Keywords: globalisation, conflict, sub-Saharan Africa
    JEL: O10 O55 H56 F69
    Date: 2016–05
  4. By: Ochieng, Isabel Joy; Otieno, David; Oluoch-Kosura, Willis; Jistrom, Magnus
    Abstract: Emerging forms of investment such as biofuels have intensified pressure on scarce land especially in developing countries. This has implications on household enterprise choice and food security. However, biofuel investments in Sub-Saharan Africa are often undertaken without adequate stakeholder consultations on priorities and preferences. In order to provide insights for managing potential resource conflicts, this study assessed farmers’ preferences on the design of biofuel investments in Kenya. Choice Experiment was used to elicit survey data from 342 farmers, and random parameter model applied in analysis. Results indicated higher positive preferences for short contract lengths, leasing of a quarter of their land, permanent employment and renewable contracts. Compensating surplus estimates showed that farmers who already practice mixed crop-livestock systems required higher compensation to accept biofuel investments. These findings offer insights on the design of biofuel investments as a potential livelihood diversification option.
    Keywords: Biofuel-investments, Farmer preferences, Livelihood diversification., Agricultural and Food Policy, Farm Management,
    Date: 2015
  5. By: Mercy Erhi Makpor (School of Economics and Management, University of Minho); Regina Leite (School of Economics and Management, University of Minho)
    Abstract: The purpose of this paper is to draw attention to the ever alarming constraints and challenges faced due to oil extraction in the Niger Delta region of Nigeria. The Niger Delta is one of the poorest regions in Nigeria due to underdevelopment and the nonchalant attitude on the part of the government to make provision for economic and infrastructural development in the region. The paper argues that while the Corporate Social Responsibility (CSR) of oil Multinational Corporations (MNCs) has not reached its full capacity, government on the other hand, not only lack the intellectual “know-how†of tackling the operations and activities of the oil MNCs, but also refrains from rendering suitable solutions to restiveness in the region. Under-development in the region is tilted from the part of the oil MNCs’ push for exploitative susceptibilities which has invariably led to environmental degradation, poverty, displacement, and a high level of restiveness. Also the issue of excruciating poverty and the quality of life of the people have not been properly dealt with as government has not done much to diversify the natural resources of the nation into other key productive areas. Hence, the general belief that organizations and the society gain when social responsibility on the part of organizations is exhibited is therefore questioned.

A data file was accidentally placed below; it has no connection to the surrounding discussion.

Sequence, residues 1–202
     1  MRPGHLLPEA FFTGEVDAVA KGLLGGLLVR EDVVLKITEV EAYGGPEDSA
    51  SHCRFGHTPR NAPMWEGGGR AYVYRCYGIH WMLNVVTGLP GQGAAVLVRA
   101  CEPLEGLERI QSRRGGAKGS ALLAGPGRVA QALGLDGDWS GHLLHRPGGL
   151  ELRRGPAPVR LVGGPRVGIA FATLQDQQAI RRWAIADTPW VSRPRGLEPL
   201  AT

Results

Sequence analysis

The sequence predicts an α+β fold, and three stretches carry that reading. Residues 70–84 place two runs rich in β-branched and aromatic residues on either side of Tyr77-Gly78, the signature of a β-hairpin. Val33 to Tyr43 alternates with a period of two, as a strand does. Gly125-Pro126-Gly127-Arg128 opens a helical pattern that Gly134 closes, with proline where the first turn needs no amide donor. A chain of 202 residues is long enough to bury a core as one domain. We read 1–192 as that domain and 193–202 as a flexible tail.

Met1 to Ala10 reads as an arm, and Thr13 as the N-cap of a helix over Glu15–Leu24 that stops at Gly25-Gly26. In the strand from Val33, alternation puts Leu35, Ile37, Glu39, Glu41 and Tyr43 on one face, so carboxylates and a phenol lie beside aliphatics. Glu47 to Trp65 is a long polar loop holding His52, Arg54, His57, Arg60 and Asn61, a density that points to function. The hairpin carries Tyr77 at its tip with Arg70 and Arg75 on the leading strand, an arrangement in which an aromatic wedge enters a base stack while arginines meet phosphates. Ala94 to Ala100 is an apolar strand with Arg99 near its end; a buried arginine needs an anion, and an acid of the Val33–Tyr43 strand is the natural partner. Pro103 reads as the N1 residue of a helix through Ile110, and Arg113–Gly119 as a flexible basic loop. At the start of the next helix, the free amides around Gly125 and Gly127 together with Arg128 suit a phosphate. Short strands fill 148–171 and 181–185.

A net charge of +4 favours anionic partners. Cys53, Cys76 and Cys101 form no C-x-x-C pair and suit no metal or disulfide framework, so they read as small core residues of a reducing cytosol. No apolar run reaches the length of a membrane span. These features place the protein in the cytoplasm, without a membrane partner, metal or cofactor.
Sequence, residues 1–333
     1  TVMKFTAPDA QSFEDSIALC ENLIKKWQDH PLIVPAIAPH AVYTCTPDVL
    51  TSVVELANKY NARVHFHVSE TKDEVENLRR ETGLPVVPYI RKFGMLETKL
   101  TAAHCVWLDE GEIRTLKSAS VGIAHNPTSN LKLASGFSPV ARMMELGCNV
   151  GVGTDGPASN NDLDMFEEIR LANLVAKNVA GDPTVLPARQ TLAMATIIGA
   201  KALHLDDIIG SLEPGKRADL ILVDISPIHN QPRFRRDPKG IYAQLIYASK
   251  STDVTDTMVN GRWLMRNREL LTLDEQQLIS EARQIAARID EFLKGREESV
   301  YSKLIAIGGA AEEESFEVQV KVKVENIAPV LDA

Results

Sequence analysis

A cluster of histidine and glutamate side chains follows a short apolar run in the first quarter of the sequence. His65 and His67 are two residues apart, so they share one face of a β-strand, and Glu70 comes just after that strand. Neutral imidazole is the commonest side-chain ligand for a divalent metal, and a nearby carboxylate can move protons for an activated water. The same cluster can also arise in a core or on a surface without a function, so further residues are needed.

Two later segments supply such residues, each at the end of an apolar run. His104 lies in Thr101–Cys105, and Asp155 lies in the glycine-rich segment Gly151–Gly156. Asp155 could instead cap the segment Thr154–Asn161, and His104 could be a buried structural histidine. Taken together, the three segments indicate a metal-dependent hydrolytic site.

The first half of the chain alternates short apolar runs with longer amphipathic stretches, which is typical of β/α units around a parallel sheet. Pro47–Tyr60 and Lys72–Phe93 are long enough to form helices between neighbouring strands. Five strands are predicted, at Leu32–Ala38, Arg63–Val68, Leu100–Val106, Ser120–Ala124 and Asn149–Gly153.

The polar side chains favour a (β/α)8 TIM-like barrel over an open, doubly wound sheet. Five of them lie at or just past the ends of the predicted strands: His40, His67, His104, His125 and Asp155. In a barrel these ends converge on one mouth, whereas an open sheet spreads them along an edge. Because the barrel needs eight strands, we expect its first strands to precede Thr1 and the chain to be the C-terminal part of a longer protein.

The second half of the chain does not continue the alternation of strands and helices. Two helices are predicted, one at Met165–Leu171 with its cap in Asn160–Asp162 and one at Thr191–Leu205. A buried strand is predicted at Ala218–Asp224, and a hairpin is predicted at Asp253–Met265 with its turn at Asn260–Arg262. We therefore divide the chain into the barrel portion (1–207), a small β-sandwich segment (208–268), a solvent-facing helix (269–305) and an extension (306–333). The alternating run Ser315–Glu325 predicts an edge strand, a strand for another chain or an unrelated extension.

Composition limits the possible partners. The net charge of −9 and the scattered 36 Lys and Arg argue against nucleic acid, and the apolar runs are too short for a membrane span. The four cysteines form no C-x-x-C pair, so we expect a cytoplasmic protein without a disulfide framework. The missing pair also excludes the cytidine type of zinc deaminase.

Keywords: Corporate Social Responsibility, Environmental Degradation, Niger Delta, Nigeria, Oil Multinational Corporations (MNCs), Poverty.
    JEL: M14
  6. By: Rabah Arezki; Amadou Sy
    Abstract: This paper studies the appropriate financing structure of infrastructure investment in Africa. It starts with a description of recent initiatives to scale up infrastructure investment in Africa. The paper then uses insights from the literature on informed vs. arm’s length debt to discuss the structure of infrastructure financing. Considering the differences in investors’ preferences that Africa faces, the paper argues that continent’s success to fill its greenfield and hence risky infrastructure gap hinges upon a delicate balancing act between development banking and institutional long-term investment. In a first phase, development banks which have both the flexibility and expertise should help finance the riskier phases of large greenfield infrastructure projects. In a second phase, development banks should disengage and offload their mature brownfield projects to pave the way for a viable engagement of long term institutional investors such as sovereign wealth funds. In order to promote an Africa wide infrastructure bond markets where the latter could play a critical role, the enhancement of Africa’s legal and regulatory framework should however start now.
    Keywords: Africa, Infrastructure Finance, Development Banks, Long-term Investors
    JEL: H49 H54 G30 G38
    Date: 2016
  7. By: Sitko, Nicholas J.; Chisanga, Brian
    Abstract: African agrifood systems are being transformed by an influx of multinational capital. Research on this transformation focuses primarily on the rise of supermarkets and demand for African land. An under-appreciated facet of this transformation is multinational investment in African grain trading. This paper uses basic descriptive statistical data and qualitative evidence to examine the implications of the recent multinational investment wave into cereal and oilseed trading in Zambia.
    Keywords: Agricultural and Food Policy, Demand and Price Analysis, International Development,
    Date: 2016–02
  8. By: Hearn, Bruce (University of Sussex, UK); Oxelheim, Lars (Research Institute of Industrial Economics (IFN)); Randøy, Trond (University of Agder, Norway)